Saray Khumalo has made history by becoming the first black African woman to summit Mount Everest.

The Zambia-born Johannesburg resident ascended nearly 9 000 meters above sea level. It was her fourth try to climb the mountain – after previous attempts failed due to external factors.

Fellow Mountaineer, Deshun Deysel, says there’s a huge buzz around Khumalo’s achievement.

“One of the realities of climbing high altitudes is you come across people who have tried it 3; 4; 5 times. It’s lucky if someone gets to the summit on the first time. There is a huge amount of physical and mental prep that goes into it and also an endeavour that requires an amount of financial support.”

Education of African children

In 2012, Saray summitted Mt Kilimanjaro and in the process raised funds for the Lunchbox Fund. The mountaineering passion took hold and she embarked on a journey to climb the highest peak on each continent, not for herself but the education of African children.

She summitted Mt Elbrus in 2014 and Mt Aconcagua in 2015.

She became a Nelson Mandela Libraries ambassador and raised nearly R1m for school libraries.

After being on Everest during both the Serac fall in 2014 and the earthquake in 2015, she reached the south summit in 2017.

Through pure perseverance, grit and courage she decided to return to Mt Everest in 2019. During this expedition, she supports the Dr Thandi Ndlovu Foundation.


Khumalo, 47, reached the top of the 8,848-metre (29,029-foot) mountain after three previous bids were thwarted by bad weather, injury and tragedy.

Khumalo’s Summits with a Purpose expedition organiser said she was the first black African woman to reach the top of Everest.

Nepal’s Tourism Department confirmed that Khumalo had made the summit but had no record on whether she was the first black African woman.

In 2017, strong winds and frostbite forced Khumalo to give up on Everest, just metres from the summit. In 2015, her expedition was cancelled after an earthquake hit Nepal.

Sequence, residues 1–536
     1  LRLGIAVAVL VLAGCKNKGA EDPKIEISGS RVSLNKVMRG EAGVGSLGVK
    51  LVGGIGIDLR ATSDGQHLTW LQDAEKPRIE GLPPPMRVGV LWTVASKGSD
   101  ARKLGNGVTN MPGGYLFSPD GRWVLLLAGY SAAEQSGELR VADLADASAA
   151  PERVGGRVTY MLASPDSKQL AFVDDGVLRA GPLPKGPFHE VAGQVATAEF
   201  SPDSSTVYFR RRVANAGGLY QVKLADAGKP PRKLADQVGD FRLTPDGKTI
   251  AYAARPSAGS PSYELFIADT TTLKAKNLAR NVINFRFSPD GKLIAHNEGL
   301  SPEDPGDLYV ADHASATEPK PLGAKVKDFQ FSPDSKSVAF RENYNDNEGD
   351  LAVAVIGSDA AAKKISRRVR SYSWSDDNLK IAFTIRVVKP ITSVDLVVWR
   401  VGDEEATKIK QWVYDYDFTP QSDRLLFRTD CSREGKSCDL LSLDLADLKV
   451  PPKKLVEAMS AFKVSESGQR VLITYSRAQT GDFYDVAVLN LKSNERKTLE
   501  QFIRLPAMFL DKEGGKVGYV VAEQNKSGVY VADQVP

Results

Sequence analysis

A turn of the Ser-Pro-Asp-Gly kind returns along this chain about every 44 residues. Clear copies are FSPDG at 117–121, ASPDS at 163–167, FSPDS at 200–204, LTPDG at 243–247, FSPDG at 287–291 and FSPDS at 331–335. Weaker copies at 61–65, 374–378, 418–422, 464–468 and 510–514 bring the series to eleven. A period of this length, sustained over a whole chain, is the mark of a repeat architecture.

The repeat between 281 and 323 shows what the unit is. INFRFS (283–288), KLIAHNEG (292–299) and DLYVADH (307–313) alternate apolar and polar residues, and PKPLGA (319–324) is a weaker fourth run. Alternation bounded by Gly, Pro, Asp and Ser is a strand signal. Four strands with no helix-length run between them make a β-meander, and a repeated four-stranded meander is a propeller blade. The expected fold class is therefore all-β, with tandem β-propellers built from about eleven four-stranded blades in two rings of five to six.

All Everest climbs were halted during her first attempt in 2014 when an avalanche killed 16 guides on the mountain.
Khumalo is on a quest to conquer the highest peaks on each continent.

She has already climbed Mount Kilimanjaro in Africa, Aconcagua in Argentina and Mount Elbrus in Russia.

In 2003, South African park ranger Sibusiso Vilane became the first black person to summit Mount Everest.

Khumalo uses her expeditions to raise funds for libraries and support children’s educational activities.

“My dream is to go higher and go further for as long as I breathe. To pave a way for my children and other ordinary people, so we may realise and accept that ordinary people like us can achieve extraordinary heights,” Khumalo says on her website.

Many Himalayan mountains — including Everest, the world’s highest — are at peak climbing season with the window of good weather between late April and the end of May.

The death toll is already mounting, however.

Two Indian climbers have died and a Chilean is missing on Mount Kanchenjunga, the world’s third-highest mountain, expedition organisers said.

Biplab Baidya, 48, and Kuntal Karar, 46, were on the 8,586-metre (28,169-foot) mountain on the Nepal-India border with a five-member team from India’s West Bengal state. An operation was started to retrieve their bodies.

Last week, Peruvian climber Richard Hidalgo died on Mount Makalu, the world’s fifth-highest mountain, while a Malaysian died in April after being rescued from Mount Annapurna, where he spent two nights in the open near the summit.

Hundreds of climbers flock each year to Nepal — home to eight of the world’s 14 highest peaks — creating a lucrative mountain industry for the impoverished country. Additional reporting by AFP